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GI Barometer: confirming the upturn

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Doubts about a sustained upturn in the commercial insurance market can be largely cast aside based on the picture painted in this year’s JP Morgan Taylor Fry General Insurance Barometer.

Premium rate increases are coming through and further gains are on the way as the local market outpaces global momentum, according to the most upbeat barometer in recent years.

The gains are not before time in commercial classes, where insurers have endured an extended period of soft pricing before a recovery started to take hold last financial year.

“It is on the back of some pretty awful trends, so it is getting back to where it should be on the commercial side,” JP Morgan Insurance Analyst Siddharth Parameswaran told “There is definitely a change.”

Overall commercial rates are expected to rise 5-6% in this financial year and next, according to participants surveyed in the report, and the gains should assist underlying profitability.

Fire and industrial special risks (ISR), which has plenty of ground of make up, is tipped to rise 8% this year after gaining 5% the previous year and slumping 10% in 2015.

The directors’ and officers’ class remains a problem area, with claims inflation rising to 7% last year from 5% as class actions drive adverse trends. Premiums grew 13% last year and are expected to increase 21% this year.

“The affordability of the directors’ and officers’ class is a concern, particularly as litigation actions continue to be brought against companies,” Taylor Fry Principal and Senior Actuary Kevin Gomes said.

The commercial combined operating ratio deteriorated to 103% last year from 101%, but improvements are anticipated in the key classes of fire and ISR, plus commercial motor.

On the domestic side, short-tail premiums grew about 4% last year, with similar rises continuing as insurers try to catch up with inflation. There is caution about chasing higher increases in personal lines, with major players concerned about losing market share.

“The insurers are being a little bit more measured in how they are trying to track back towards target profitability, basically because they are still worried about competition,” Mr Parameswaran said.

The impact from the recent jump in global natural catastrophe losses, estimated at $US135 billion ($168.14 billion) last calendar year, has so far proved muted because plenty of capacity remains in the market. In Australia catastrophe claims were also above the 10-year trailing average.

“Insurance capital in the world was at all-time highs, and the catastrophe losses would only have made a modest dent on that position,” the report says.

“As such, we think there will be some turn upwards in the cycle, but it will be concentrated in lines of consistently poor profitability and those that took a big hit [last year].”

From a wider economic perspective, a stronger growth environment could slightly improve prospects for Australian insurers and possibly mean economy-led upward pressure on rates, according to the report.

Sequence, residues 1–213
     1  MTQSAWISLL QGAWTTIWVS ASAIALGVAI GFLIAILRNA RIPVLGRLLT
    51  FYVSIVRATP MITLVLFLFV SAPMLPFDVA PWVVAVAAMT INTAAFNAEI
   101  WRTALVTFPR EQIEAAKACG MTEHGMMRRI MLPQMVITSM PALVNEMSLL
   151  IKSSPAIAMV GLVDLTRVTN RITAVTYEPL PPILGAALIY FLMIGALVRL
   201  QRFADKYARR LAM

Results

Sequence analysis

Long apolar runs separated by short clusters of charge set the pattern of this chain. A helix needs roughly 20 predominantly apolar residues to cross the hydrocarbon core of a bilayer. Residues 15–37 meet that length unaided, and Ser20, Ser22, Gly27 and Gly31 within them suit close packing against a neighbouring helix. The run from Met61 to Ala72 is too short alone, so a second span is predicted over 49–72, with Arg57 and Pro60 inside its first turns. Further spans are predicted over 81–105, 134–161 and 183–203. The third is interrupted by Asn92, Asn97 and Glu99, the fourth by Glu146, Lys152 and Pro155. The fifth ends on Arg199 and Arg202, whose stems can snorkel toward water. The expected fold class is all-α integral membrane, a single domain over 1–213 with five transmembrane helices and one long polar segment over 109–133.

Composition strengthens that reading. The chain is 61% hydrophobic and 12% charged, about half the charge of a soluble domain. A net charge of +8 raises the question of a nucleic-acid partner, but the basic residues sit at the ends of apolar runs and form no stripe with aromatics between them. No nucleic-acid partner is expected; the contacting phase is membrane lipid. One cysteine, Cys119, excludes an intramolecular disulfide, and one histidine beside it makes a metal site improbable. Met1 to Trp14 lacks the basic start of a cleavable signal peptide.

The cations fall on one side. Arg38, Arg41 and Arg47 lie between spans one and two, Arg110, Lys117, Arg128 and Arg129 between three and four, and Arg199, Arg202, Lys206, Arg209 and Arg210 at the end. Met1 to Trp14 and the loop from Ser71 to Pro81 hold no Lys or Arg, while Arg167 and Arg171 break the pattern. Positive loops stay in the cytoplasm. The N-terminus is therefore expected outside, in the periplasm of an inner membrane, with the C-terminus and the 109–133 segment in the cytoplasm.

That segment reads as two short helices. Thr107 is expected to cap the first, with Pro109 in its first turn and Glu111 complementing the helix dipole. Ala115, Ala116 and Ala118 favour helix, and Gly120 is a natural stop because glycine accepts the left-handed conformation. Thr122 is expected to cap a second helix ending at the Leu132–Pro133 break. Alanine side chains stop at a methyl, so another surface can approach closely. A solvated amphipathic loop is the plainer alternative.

That scenario contrasts with the weak prospects that have prevailed since the global financial crisis of 2008-09. Australia, the US, Europe and the UK all showed growth last year, with the local market a relative outperformer compared with other developed economies.

Nevertheless, low interest rates in Australia in recent years have allowed the release of reserves that are no longer needed, particularly in compulsory third party, liability and professional indemnity, with the financial statement impact helping to support reported profits.

Raiding of the “hollow logs” is set to become more difficult as the reserves are drawn down.

“That capacity has really reduced, so we could see more volatile numbers going forward from here,” Mr Parameswaran said. In some cases, insurers may also look to rebuild reserves.

Each year the report asks participants about key issues confronting the industry. This edition sees 80% of underwriters express concern over regulatory changes and compliance. Other issues are competition, rates and capacity, technology and cyber risk, and changing customer expectations.

In the broking community, staffing issues such as training, retention and experience are cited by 60% of brokers, down from 83% a year earlier. A similar percentage nominate pricing and profitability, while other concerns include technology and underwriting standards.

The barometer also includes an assessment of the cyber market in Australia, observing “no noticeable boom” before breach notification laws take effect this month, but tipping a landmark year for the emerging sector.

“We expect the claims landscape to change significantly over the next year, providing opportunities to insurers that are able to accurately assess risk and opening further entry points to those that are willing to offer competitive prices to make inroads into the market,” it says.

The industry may face a range of challenges, including from regulation, technology and competition.

But the overall picture is a good one, and after a prolonged period of depressed markets and some daunting challenges ahead, it’s news worth celebrating.